Bonfires and Smoke
1. Overview & General Advice
2. What can you do?
3. What can we do?
4. Taking your own legal action
5. See frequently asked questions about this subject
Apart from unpleasantness caused by smoke, ash and the smell, bonfires can be a health hazard producing toxic fumes if materials such as plastics, paint, foam or rubber are burned. They can also be a fire risk to fences and sheds.
There are several factors you should consider if you are planning on having a bonfire, or if someone is frequently having bonfires which are affecting you.
Only consider having a bonfire as a last option, and only have a bonfire if you are burning dry organic material such as garden waste. If carried out sensitively, the occasional bonfire should not cause a problem.
Many waste items can be recycled - see our recycling and rubbish pages for more information.
- If you have a problem with bonfires and smoke:
- Try to solve the problem informally, by talking to the other party.
- You could speak to us, and we may be able to help if talking to your neighbour doesn't work.
- If the problem persists, it may be an antisocial behaviour issue.
- As a last resort, we have produced a leaflet on taking your own action.
What you can do?
If you're being disturbed by a bonfire or smoke in your area, we always recommend that you try to resolve the problem informally first, before you contact us. We find most issues can be resolved informally without the need for our involvement.
You should speak to the person causing the issue and explain politely what it is that you are being troubled by, try to explain calmly how and why the issue is affecting you. You may find this difficult, but often people are unaware that they are causing a problem and will be glad to do what they can to reduce it. If you don't feel able to approach the person directly, consider using our template letter.
If you contact us we may ask you if you have tried to resolve the problem yourself first by speaking to the person before we will get involved.
If you're concerned that someone is burning something that they shouldn't, e.g. rubber, plastics or polystyrene, please report this to us.
Anyone lighting a fire and allowing smoke to drift across a road may face a fine if it endangers traffic. Contact the police in this case.
What can we do?
If speaking to the person with the bonfire hasn't resolved the problem, you can contact us to explain what the issues are and how they are affecting you. We aim to resolve issues quickly and so we will contact the person alleged to be causing the issue to discuss and try to agree a solution informally.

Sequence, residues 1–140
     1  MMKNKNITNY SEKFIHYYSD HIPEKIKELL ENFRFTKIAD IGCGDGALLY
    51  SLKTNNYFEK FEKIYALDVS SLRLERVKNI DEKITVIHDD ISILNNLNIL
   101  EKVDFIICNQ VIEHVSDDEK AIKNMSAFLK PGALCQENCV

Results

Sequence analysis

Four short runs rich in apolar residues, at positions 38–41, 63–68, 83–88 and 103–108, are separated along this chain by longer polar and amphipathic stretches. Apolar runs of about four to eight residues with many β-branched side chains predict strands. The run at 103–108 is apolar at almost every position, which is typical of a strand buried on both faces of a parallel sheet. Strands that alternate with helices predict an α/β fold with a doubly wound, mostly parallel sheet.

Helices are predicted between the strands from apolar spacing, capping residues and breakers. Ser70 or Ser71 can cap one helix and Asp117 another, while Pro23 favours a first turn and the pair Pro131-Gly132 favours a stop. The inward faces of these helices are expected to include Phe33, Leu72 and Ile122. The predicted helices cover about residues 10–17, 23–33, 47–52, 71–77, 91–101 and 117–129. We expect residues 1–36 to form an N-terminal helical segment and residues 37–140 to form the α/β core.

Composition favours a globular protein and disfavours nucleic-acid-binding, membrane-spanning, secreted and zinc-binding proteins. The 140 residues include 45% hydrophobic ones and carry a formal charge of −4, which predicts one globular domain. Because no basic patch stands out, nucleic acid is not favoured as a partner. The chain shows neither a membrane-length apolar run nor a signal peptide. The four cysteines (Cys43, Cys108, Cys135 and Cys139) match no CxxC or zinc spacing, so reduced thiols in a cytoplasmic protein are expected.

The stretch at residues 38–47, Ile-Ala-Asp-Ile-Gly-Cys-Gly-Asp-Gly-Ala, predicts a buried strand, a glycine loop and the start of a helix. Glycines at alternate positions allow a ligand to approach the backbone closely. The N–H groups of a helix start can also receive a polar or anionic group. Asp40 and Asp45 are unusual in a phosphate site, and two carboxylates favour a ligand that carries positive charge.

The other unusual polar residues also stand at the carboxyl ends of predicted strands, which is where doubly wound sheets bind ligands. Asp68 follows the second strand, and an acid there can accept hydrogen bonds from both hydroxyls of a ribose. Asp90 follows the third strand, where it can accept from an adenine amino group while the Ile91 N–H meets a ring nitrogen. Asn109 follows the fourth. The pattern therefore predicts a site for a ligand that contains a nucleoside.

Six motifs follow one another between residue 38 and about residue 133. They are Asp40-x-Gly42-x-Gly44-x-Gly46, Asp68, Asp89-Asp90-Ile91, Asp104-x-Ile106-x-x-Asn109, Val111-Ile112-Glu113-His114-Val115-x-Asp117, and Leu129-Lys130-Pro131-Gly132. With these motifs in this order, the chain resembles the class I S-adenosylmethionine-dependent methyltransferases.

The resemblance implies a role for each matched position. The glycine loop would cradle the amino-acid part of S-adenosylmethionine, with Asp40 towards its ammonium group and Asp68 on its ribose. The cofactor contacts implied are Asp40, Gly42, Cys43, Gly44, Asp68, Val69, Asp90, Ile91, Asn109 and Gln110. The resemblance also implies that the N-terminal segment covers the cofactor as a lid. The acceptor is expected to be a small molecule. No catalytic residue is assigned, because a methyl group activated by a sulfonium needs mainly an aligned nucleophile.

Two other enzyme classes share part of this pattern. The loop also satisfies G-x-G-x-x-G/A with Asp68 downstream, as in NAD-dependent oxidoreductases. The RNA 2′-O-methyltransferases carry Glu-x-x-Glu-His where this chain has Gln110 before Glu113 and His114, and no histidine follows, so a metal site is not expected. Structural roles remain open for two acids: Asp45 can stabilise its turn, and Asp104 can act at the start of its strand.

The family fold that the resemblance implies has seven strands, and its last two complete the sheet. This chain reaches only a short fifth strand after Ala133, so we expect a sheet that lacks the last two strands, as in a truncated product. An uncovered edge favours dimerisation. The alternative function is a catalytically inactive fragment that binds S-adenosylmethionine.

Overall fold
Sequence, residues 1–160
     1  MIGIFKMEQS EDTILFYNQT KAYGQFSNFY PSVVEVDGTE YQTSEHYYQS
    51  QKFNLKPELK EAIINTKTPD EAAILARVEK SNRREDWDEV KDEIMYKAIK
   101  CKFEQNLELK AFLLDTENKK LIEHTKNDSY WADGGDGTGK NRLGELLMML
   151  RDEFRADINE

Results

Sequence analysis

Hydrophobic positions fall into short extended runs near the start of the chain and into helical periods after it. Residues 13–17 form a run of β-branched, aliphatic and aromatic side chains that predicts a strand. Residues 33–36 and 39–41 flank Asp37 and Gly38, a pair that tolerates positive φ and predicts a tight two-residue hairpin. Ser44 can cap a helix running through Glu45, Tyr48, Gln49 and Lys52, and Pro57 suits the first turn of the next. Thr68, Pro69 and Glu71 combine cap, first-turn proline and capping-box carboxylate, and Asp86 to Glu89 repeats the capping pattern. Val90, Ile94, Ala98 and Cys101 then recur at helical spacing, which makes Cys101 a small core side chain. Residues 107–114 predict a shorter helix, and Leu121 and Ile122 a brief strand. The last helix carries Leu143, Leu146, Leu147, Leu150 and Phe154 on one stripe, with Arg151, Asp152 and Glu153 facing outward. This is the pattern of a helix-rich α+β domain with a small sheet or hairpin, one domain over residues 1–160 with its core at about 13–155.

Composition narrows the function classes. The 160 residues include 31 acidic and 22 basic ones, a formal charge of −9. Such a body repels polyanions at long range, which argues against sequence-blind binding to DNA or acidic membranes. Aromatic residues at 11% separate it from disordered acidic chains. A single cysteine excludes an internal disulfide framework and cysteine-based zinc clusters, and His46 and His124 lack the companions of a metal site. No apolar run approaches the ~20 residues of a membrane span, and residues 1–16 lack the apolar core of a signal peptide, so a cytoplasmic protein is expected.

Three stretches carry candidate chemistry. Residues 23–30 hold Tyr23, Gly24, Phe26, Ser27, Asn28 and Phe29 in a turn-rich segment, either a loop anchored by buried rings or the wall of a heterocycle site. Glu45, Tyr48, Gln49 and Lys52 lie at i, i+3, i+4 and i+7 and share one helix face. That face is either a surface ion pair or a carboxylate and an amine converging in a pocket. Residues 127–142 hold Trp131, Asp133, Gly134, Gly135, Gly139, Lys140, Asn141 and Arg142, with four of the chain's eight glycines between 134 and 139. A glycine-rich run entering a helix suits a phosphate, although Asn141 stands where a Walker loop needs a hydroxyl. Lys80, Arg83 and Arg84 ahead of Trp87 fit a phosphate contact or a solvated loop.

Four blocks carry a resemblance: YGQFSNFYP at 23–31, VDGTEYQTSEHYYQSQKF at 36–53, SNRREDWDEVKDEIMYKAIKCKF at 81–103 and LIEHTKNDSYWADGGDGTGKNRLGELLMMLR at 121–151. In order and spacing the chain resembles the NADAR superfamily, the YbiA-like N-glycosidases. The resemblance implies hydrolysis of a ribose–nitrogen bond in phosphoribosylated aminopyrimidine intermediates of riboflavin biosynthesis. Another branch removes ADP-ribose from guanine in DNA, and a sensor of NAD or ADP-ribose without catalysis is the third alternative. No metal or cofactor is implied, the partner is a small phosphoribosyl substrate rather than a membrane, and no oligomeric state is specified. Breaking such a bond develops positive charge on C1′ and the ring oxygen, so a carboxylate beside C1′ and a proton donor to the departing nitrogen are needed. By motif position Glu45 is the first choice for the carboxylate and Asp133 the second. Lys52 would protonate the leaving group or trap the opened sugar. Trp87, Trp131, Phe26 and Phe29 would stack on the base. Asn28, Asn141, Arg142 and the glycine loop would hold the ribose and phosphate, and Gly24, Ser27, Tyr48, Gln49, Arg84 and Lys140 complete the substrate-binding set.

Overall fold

If it is not possible to reach an informal solution we may suggest mediation between you and the person in order to try and resolve the issues.
We find that most issues can be resolved informally or through mediation, however the council can potentially take further formal action if it is felt necessary once other options have been explored.
Remember, if the fire is only occasional this is unlikely to be considered a nuisance, just because you can see or smell the bonfire, it may not constitute a nuisance.
Taking your own legal action
You have the right to take private legal action Take a look at our leaflet on taking your own action through the legal system.
Frequently asked questions
What shouldn't be burned?
Never burn household rubbish, old furniture, mattresses, plastic packaging, garden or household chemicals, rubber tyres, or anything containing plastic, foam or paint. Plastics, rubber and polystyrene give off dark black smoke which is toxic and bad for the environment and for health. Try to re-use or recycle as much man made material as possible.
Am I allowed to burn garden waste?
Occasional bonfires of this nature are permitted. However, if you're having large or regular bonfires please consider that:
- you might cause a disturbance to your neighbours with the smoke and smell
- if you do, we may investigate and consider action to prohibit or restrict you having bonfires
We always advise people to use a greener way to dispose of waste, such as composting or, if this isn't possible, you can take it to a waste recycling site where green waste alternatives are available
What is a smoke control area?
Many parts of the UK are smoke control areas where you can't emit smoke from a chimney unless you're burning an authorised fuel or using exempt appliances, e.g. burners or stoves. You can be fined up to £1,000 if you break the rules. Find out more about smoke control areas.
Are there any smoke control areas in South Staffordshire?
Yes, in Wombourne, Himley, Perton and Pendeford